Could an ‘innovative’ school in Montreal’s fall victim to religious infighting? -

Could an ‘innovative’ school in Montreal’s fall victim to religious infighting?

Nesbitt Elementary considered “one of the most successful bilingual programs in the province”

Cutting class

Photography by Roger Lemoyne

The closing of an English school is hardly news in Quebec. Fourteen institutions have shut down in as many years in Montreal alone, thanks in large part to a dwindling English population and language laws preventing children of French parents and immigrants from attending. Yet, in the case of Nesbitt Elementary School, home to some 420 students and, according to commissioner Julien Feldman, “one of the most successful bilingual programs in the province,” the culprit isn’t numbers or stifling regulation. According to many Nesbitt proponents, it’s the victim of age-old infighting between Catholic and Protestant factions within the English Montreal School Board itself. And, in an odd twist, one of the school’s would-be saviours is none other than Louise Beaudoin, a staunch French-language hawk and former Parti Québécois minister who fought for decades against expanding access to English schools.

Nesbitt, which faces the chopping block in January, is located in Rosemont, a traditionally francophone neighbourhood with a significant English population. Because of this historical reality, Nesbitt is one of the few schools in Montreal’s east end to offer both majority English and French immersion programs. The result: French families who qualify (under Quebec law that means at least one parent had to have attended English school) can send their children to learn English, while English children receive nearly 70 per cent of their education in French. It has certainly impressed Beaudoin, the district MNA. “In an era of alarming dropout rates, it’s important to support the schools that have a winning and innovative formula,” she wrote in a letter to Nesbitt principal Mary Theophilopoulos last June.

Yet, despite the unexpected plug, and a noisy grassroots campaign on the part of Nesbitt parents, it remains on the list of six schools targeted for closure next year. Not even the EMSB can fully explain why. According to board policy, there are five reasons (including low enrolment numbers and proximity to other schools) why a school would be considered for closure. And yet, EMSB director general Robert Stocker concedes that “the school doesn’t fit into any of the five criteria.”

Jim Symianick thinks he knows the reason. The former school commissioner says the school is a pawn in the battle between old Protestant and Catholic board members. “Anyone saying there is no Protestant-Catholic aspect to the Nesbitt story isn’t seeing the whole picture,” he says. Symianick, who is consulting with Nesbitt parents fighting to keep the school open, says the formerly Protestant school retooled its curriculum in the ’90s to include a robust bilingual program. Its enrolment promptly increased, while that of the neighbouring Catholic schools languished. (The two formerly Catholic schools that would benefit from Nesbitt’s closure have both faced closure due to lagging enrolment in the past.) The resulting jealousy, Symianick says, carried over into the ESMB. “There exists elements within the board and community of Rosemont that don’t care about what Nesbitt parents have to say,” he says.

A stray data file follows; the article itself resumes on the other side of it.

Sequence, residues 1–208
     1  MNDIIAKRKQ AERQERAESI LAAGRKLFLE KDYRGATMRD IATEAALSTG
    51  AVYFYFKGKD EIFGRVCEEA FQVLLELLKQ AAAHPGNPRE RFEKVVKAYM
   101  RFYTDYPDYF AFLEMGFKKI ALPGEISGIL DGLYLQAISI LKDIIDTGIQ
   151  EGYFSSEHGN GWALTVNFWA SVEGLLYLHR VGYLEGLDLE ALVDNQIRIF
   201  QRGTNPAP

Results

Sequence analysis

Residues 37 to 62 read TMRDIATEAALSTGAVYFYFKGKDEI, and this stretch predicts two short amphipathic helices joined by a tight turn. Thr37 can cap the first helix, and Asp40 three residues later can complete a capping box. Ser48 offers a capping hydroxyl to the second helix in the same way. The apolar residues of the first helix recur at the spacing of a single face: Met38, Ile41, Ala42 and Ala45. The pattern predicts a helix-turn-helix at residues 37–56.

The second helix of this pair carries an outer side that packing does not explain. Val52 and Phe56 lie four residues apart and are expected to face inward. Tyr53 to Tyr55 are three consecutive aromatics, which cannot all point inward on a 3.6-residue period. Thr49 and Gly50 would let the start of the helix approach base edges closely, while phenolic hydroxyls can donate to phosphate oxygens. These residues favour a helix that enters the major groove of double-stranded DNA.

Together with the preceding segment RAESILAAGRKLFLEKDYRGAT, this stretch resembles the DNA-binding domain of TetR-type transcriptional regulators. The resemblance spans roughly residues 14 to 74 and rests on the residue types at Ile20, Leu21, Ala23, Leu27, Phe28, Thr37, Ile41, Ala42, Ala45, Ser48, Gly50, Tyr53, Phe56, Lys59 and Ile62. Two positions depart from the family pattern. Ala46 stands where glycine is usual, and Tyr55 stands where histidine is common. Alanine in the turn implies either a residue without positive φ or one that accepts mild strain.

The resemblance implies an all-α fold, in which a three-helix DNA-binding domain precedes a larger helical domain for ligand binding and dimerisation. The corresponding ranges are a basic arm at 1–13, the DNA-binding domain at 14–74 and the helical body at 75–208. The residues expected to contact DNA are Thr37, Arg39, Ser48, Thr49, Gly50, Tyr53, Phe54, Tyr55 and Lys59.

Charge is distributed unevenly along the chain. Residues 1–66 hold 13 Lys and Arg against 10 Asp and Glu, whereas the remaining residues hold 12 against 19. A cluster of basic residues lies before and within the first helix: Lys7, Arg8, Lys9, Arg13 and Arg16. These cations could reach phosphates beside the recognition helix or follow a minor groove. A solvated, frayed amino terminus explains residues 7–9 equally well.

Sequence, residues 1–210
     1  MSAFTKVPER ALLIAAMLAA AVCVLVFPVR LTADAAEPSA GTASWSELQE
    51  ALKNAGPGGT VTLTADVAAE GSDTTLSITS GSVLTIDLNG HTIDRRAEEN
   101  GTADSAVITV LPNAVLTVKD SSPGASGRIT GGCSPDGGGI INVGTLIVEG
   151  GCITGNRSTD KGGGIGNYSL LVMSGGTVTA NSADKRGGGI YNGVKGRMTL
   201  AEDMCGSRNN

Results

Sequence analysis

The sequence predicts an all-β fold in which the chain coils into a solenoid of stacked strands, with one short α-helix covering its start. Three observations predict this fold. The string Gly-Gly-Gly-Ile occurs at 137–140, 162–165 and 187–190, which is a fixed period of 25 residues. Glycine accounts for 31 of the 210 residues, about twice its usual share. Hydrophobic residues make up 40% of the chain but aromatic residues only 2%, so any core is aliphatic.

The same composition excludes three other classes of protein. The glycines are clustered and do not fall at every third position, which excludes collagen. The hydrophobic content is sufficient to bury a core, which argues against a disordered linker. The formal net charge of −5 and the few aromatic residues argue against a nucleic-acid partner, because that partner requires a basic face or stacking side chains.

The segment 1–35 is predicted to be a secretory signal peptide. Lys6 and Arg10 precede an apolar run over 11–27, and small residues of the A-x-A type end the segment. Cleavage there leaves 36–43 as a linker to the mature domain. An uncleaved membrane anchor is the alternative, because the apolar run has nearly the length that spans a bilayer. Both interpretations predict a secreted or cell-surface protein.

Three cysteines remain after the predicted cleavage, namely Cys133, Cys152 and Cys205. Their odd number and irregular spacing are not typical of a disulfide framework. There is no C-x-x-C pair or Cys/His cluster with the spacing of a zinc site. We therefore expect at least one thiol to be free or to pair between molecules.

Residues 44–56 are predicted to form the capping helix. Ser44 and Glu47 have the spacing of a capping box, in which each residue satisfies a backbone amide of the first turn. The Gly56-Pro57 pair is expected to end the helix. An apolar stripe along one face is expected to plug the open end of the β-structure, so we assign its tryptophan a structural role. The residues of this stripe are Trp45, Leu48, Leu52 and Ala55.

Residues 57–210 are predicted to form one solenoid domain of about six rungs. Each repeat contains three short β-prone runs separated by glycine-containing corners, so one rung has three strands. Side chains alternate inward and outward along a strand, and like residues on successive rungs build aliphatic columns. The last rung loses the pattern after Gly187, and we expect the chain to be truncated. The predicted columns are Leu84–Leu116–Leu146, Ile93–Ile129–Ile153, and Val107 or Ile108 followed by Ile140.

Stocker dismisses any notion of old religious enmity. “I really try not to triage whether it goes back to Catholic and Protestant roots,” he says. Instead, he says, Nesbitt is being considered because most of its students come from outside Rosemont, and is a drain on other schools. (A point, he concedes, that isn’t one of the EMSB’s criteria for closure.) As for Beaudoin’s plea to save the school: “We find it interesting,” says Stocker, “since her policies are one of the reasons why we have to close schools in the first place.”


Could an ‘innovative’ school in Montreal’s fall victim to religious infighting?

  1. Nesbitt does not fit closure criteria established by the EMSB.

    Any entity that offers better products, better services or better support is usually rewarded by success and popularity. Well this is according to the laws of supply and demand of course. At the EMSB the logic is rather different: if a school is too successful to the point where parents choose it for their children over other schools, well then that school must close, and parents will be forced to settle for schools and programs they did not want in the first place.

    Who can imagine a franchise closing one of its franchisees simply because too many clients go there? That’s an aberration right?

    Talking to Martin Patriquin, Reporter for Maclean’s Magazine, Mr Stocker is quoted saying :”Nesbitt is being considered [for closure] because most of its students come from outside Rosemont, and is a drain on other schools.” Yes, we are proud to say we feel privileged by the trust so many parents put in our school! We do offer an awesome immersion program and a fantastic core program, we have a wonderful principal and a bunch of awesome teachers and staff, in a great building and, last but not least, we play by the rules. Yes, we are successful! So much so in fact that many discerning parents often choose to drive their kids to school themselves.

    Is the EMSB’s mandate to foster greatness or mediocrity? One wonders eh?